This assay detects only the C677T and A1298C mutations in the MTHFR gene. The diagnosis of
hyperhomocysteinemia cannot rely on DNA testing alone but should take into consideration clinical
findings and other studies, such as serum homocysteine levels.
Hyperhomocysteinemia (high blood levels of homocysteine) is a risk factor for cerebrovascular
disease, cerebral vein thrombosis, coronary artery disease, myocardial infarction, and venous
thrombosis. The levels of homocysteine in the serum are influenced by both genetic and environmental
factors. One of the genetic factors involves point mutations in the methylenetetrahydrofolate reductase
(MTHFR) gene (OMIM 607093)

FibroTest and ActiTest

Liver cirrhosis is a major complication of chronic viral hepatitis. Liver biopsy was the only method for
diagnosis of the degree of liver fibrosis and cirrhosis. However, liver biopsy is invasive, prone to
complications, including pain, hemorrhage and a high risk of sampling error. In addition to the inability
to do it in patients having coagulation defects.

The FibroTest and ActiTest are noninvasive biochemical markers of liver injury that are intended for
use as alternatives to liver biopsy in patients with viral hepatitis.
These markers combine five components (α2-macroglobulin, haptoglobin, Apolipoprotein A1, γ-
glutamyl transpeptidase (GGT), and total bilirubin) for FibroTest and the same parameters plus alanine
aminotransferase (ALT) for ActiTest.
When liver biopsy and biochemical markers are done simultaneously for the same patients and the
results are discordant, biopsy failure is >7 times more common than diagnostic failure of marker
A rapid immunochromatographic test
Qualitative detection of Wuchereria bancrofti antigen in blood

Lymphatic filariasis (due to Wuchereria bancrofti) is distributed throughout the tropical regions of Asia
and Africa with reported cases in Egypt.
Diagnosis of Wuchereria bancrofti conventionally depends on detection of microfilariae in nocturnal
blood sample. This requires collection of blood sample during night hours (12 p.m. to 2 a.m.).
Clinical manifestations often develop late in the course of infection, when some people have already
reached amicrofilaraemic stage. Hence, there is a need for a more reliable method of diagnosis than
blood film examination for microfilariae.
Wuchereria bancrofti antigen test detects circulating filarial antigen and therefore blood sample can
be collected at anytime during day. Moreover, this rapid antigen detection test is more sensitive and
can detect infection when microfilariae are not circulating but adult worms are present in the
Glycated Protein Testing for Diabetes Management

Glycated protein testing provides a quantitative measure of the average glycemia over an extended
period of time (weeks or months).

Elevated values indicate risk for chronic complications associated with diabetes and a need for
improved glycemic control.

1. HbA1c (glycated haemoglobin):

recommended testing frequency is 2 to 4 times per year.
Method of testing: affinity chromatography; this method is traceable to the Diabetes Control
Complications trial (DCCT) method.
Use: routine diabetes management.

2. Fructosamine (Glycated Albumin):

recommended testing frequency is once each month.
Method of testing: Colorimetric.
Use: patients with gestational diabetes and abnormal Hbs; post major therapeutic changes.

Aggressive control of blood glucose levels can delay the onset or slow the progression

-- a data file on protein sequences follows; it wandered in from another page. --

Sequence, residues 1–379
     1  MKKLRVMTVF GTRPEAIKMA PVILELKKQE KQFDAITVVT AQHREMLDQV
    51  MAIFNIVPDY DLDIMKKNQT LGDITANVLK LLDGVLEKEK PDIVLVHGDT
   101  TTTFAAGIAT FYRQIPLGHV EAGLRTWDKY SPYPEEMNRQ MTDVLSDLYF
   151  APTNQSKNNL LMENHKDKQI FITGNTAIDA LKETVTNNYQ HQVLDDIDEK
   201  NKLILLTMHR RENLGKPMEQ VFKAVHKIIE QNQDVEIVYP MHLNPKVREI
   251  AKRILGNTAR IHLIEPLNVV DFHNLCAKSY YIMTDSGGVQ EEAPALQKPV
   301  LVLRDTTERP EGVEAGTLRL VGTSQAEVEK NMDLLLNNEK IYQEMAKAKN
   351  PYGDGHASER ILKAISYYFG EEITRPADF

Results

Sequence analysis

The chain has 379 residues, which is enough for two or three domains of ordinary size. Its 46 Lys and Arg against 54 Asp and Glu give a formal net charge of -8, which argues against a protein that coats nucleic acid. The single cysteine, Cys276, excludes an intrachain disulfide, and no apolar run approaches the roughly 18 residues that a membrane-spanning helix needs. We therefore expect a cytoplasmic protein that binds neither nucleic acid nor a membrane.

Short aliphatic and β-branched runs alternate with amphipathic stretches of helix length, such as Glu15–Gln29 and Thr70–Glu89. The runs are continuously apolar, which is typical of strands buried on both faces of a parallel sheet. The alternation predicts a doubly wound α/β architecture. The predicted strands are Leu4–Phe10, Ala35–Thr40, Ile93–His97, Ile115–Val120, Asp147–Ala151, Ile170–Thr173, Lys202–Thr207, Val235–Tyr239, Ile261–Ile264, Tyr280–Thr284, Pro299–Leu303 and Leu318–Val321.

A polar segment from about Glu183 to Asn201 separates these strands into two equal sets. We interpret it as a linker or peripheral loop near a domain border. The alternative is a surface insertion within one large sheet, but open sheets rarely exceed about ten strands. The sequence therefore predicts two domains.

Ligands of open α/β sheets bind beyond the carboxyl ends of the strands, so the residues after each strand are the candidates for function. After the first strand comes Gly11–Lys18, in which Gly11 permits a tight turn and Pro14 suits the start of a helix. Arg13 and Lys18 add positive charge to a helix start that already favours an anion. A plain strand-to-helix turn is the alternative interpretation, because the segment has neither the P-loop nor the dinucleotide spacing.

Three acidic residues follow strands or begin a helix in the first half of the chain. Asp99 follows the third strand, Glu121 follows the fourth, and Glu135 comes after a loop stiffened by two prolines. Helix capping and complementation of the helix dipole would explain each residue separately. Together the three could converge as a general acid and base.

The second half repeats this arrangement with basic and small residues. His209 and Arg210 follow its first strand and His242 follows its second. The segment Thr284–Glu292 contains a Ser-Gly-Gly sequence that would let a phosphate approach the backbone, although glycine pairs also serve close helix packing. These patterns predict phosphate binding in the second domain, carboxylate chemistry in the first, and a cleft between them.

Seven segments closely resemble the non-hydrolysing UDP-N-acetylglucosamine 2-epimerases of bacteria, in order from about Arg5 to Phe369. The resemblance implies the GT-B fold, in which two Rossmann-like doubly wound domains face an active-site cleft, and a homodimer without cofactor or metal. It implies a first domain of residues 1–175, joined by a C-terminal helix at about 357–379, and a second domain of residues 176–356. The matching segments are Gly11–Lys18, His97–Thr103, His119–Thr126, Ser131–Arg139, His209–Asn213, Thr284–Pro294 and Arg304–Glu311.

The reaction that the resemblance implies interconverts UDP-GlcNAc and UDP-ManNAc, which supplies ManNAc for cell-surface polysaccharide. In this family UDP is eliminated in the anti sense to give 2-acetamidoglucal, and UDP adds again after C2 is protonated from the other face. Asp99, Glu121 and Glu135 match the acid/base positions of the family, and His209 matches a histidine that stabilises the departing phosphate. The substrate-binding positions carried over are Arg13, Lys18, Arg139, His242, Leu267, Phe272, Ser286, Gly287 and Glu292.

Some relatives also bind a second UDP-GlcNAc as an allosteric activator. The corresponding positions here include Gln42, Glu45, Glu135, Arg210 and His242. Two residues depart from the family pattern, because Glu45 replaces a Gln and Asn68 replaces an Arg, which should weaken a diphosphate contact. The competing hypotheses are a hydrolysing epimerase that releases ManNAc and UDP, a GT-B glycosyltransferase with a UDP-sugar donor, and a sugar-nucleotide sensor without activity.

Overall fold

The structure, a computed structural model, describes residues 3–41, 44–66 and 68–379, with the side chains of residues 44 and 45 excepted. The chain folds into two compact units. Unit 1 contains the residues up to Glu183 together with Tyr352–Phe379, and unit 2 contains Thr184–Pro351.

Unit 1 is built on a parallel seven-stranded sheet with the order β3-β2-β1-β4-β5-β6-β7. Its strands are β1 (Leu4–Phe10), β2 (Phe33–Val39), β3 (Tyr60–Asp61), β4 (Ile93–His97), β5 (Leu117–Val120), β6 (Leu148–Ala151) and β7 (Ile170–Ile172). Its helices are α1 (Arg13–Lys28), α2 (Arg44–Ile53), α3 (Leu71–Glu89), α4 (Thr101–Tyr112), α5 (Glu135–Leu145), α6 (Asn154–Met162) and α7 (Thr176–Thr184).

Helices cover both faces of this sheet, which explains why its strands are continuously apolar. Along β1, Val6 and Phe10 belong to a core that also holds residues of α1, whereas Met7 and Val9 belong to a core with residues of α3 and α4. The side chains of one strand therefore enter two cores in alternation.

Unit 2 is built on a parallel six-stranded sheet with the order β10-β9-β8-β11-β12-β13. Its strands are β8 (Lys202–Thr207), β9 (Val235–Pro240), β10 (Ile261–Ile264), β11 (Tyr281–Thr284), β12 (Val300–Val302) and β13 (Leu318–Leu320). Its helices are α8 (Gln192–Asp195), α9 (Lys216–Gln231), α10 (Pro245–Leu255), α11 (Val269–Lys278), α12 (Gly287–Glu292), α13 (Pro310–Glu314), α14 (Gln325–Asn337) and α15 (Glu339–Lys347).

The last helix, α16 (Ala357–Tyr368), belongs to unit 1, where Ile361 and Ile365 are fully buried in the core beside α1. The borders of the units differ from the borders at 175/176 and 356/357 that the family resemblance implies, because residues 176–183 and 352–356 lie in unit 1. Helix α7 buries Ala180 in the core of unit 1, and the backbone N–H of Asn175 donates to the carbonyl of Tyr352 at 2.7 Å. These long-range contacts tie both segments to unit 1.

of diabetic retinopathy, nephropathy, and neuropathy.
HBsAg Quantitative Assay
HBsAg is routinely used to aid in the diagnosis of suspected hepatitis B viral infection, to monitor the
status of infected individuals i.e., whether the patient's infection has resolved or the patient has
become a chronic carrier of the virus and to monitor the response to therapy with antiviral drugs.
HBsAg quantitative assay has the ability to detect the most prevalent HBsAg mutant,
the Gly →Arg 145 mutant with a sensitivity equivalent to detection of wild type of HBsAg.
It was positively correlated with and similar in magnitude to changes in intrahepatic cccDNA in
following the patient with chronic HBV under antiviral therapy. (1)
It was found that in cases that develop drug resistance, the increase in HBsAg preceeded the increase
in HBV DNA, so monitoring the HBsAg concentrations is helpful for evaluating the response to
treatment and for the early detection of drug-resistant strains. (2)

HBsAg quantitative assay has the capacity to detect seroconversion of HBsAg earlier by
3-5 days than other assays in 33% of cases.

The overall sensitivity of the assay is estimated to be 99.87 with a specificity of 99.52%.

Diagnosis & Monitoring of HBV patients

Hepatitis B virus (HBV) is a major cause of acute & chronic hepatitis.
It may lead to cirrhosis and hepatocellular carcinoma.
Egypt is classified

as highly endemic for hepatitis B virus infection.1

Monitoring of hepatitis B virus (HBV) DNA in serum has become the standard method for assessing

the replicative activity of HBV which is crucial in the assessment, management and antiviral treatment

of patients with chronic HBV infection.

Most PCR-based assays have a high rate of false positivity. These assays lack standardization &
The standardized quantitative Amplicor HBV Monitor test is a PCR-based assay with a lower detection
limit of 102 to 103 HBV DNA copies/ml, thus making the assay 1,000 to 10,000 times more sensitive
than most widely used commercial kits.
The Amplicor HBV Monitor test is an automated system with highly stringent quality controls.
This highly sensitive test enables us to distinguish between inactive carriers of HBV & chronic hepatitis
B patients.
Diagnosis & Monitoring of HCV Patients